Chapter 21: “Developing and Applying a Pricing Strategy ” Joel R. Evans & Barry Berman Marketing, 10e: Marketing in the 21st Century
To present an overall framework for developing and applying a pricing strategy
To analyze sales-based, profit-based, and status quo-based pricing objectives, and to describe the role of a broad price policy
To examine and apply the alternative approaches to a pricing strategy
To discuss several specific decisions that must be made in implementing a pricing strategy
To show the major ways that prices can be adjusted
A Framework for Developing and Applying a Pricing Strategy Consumers Costs Government Channel Members Competition Feedback Objectives Broad Price Policy Pricing Strategy Implementation of Pricing Strategy Price Adjustments Factors Affecting Price Decisions
Developing a pricing strategy is a continuous marketing process and is undertaken when:
A new product is introduced.
An existing product is revised.
The competitive environment changes.
A product moves through its life cycle.
A competitor initiates a price change.
Costs rise or fall dramatically.
The firm’s prices come under government scrutiny.
Indications of Poor Performance with a Pricing Strategy
Prices are changed too frequently.
Pricing policy is difficult to explain to customers.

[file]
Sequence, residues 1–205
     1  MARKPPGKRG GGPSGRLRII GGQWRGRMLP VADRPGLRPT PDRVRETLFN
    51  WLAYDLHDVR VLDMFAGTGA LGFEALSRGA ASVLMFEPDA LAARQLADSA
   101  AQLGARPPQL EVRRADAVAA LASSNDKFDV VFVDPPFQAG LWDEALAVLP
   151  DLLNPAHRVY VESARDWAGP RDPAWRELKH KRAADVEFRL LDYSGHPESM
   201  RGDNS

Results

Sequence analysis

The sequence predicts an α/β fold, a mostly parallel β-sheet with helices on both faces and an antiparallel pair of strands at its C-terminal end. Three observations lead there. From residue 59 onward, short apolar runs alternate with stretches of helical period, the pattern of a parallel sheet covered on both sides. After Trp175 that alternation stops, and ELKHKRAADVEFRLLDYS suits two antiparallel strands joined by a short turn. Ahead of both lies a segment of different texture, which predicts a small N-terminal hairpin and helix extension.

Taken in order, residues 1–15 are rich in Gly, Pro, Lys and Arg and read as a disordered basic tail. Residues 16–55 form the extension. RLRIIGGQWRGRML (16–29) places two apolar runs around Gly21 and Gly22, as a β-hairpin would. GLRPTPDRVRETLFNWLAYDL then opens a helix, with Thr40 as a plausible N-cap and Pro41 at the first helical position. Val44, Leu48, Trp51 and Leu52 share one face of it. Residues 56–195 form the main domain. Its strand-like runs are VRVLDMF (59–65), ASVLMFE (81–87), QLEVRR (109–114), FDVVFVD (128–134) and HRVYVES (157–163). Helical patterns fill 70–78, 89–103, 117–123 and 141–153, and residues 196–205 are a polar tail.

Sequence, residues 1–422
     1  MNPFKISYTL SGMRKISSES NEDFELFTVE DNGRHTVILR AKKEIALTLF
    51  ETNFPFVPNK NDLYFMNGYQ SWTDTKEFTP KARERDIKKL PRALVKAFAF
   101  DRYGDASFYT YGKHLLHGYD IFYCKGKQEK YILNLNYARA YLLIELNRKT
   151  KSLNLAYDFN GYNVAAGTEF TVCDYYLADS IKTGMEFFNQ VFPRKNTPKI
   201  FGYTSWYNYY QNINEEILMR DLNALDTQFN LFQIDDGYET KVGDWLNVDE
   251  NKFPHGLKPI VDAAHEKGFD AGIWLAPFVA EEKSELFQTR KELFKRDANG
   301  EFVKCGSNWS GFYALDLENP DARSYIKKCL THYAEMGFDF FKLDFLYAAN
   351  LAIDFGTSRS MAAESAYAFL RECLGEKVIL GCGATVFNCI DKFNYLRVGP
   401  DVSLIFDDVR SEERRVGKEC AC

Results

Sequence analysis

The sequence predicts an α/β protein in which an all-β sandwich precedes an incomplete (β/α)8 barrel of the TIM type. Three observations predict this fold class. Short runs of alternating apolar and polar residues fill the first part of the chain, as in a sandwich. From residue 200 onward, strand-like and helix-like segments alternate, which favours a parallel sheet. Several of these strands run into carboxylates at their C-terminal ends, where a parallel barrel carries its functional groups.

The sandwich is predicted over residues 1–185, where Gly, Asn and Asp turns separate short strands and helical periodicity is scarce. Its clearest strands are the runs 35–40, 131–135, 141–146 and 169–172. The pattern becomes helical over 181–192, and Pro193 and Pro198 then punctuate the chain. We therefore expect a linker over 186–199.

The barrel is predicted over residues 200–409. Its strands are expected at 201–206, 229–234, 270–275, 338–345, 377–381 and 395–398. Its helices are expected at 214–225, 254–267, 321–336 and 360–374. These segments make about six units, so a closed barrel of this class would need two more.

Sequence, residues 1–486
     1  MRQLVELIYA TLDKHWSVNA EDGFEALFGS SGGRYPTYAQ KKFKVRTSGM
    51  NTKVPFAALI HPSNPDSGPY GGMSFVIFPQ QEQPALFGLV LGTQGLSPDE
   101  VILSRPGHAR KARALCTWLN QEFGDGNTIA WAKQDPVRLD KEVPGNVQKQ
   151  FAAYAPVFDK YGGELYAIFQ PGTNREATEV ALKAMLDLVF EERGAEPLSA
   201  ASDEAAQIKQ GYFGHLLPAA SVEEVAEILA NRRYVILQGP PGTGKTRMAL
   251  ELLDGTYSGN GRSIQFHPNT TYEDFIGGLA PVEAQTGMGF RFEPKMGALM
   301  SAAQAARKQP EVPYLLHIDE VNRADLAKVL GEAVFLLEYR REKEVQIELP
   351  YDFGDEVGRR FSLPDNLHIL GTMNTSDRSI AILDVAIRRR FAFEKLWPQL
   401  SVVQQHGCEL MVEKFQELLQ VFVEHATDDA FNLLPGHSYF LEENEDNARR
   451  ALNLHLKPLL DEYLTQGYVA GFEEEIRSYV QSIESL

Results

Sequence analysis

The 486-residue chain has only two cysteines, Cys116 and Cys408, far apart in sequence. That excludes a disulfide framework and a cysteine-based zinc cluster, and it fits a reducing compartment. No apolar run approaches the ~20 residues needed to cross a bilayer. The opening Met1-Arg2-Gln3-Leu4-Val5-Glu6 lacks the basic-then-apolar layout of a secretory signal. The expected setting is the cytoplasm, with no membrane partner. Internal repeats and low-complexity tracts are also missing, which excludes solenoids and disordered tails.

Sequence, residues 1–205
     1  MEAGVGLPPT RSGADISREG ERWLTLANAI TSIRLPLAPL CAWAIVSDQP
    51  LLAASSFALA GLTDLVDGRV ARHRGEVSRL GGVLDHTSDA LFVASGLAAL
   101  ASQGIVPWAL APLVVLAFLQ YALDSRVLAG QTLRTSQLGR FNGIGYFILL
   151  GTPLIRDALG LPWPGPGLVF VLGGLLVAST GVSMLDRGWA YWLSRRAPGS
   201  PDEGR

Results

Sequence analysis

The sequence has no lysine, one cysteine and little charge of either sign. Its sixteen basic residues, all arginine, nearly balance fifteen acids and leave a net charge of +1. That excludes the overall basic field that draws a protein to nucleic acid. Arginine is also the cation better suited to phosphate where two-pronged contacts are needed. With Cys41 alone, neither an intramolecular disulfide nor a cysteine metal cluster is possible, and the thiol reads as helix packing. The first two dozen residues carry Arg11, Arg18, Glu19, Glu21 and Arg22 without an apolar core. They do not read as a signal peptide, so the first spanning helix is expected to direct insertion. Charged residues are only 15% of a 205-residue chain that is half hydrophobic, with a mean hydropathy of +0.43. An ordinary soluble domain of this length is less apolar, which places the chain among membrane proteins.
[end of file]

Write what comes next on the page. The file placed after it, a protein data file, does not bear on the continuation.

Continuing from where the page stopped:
Channel members complain that profit margins are inadequate.
Decisions are made without adequate marketing research.
Too many different price options are available.
Too much sales personnel time is spent in bargaining.
Prices are inconsistent with the target market.
A high percentage of goods is marked down or discounted late in the selling season to clear out surplus inventory.
Too high a proportion of customers is price sensitive and attracted by competitors’ discounts. Demand is elastic.
The firm has problems conforming with pricing legislation.
Return on investment
Early recovery of cash
Favorable business climate
Possible Pricing Objectives
This approach aims toward the mass market to gain high sales volume.
Goals are volume and market share.
This strategy is aimed at the segment interested in quality, uniqueness, and/or status.
Goals are profit maximization, return on investment, and early recovery of cash.
Alternative Ways of Developing a Pricing Strategy Cost-Based Pricing Compare selling price with competitors Begin with costs and work towards selling price Begin with selling price and work to costs Demand-Based Pricing Competition-Based Pricing Cost Factors Demand Factors Pricing Strategy Competitive Factors Combination Pricing Above the Market Below the Market At the Market
A firm sets prices by computing merchandise, service, and overhead costs and adding an amount to cover its profit goal.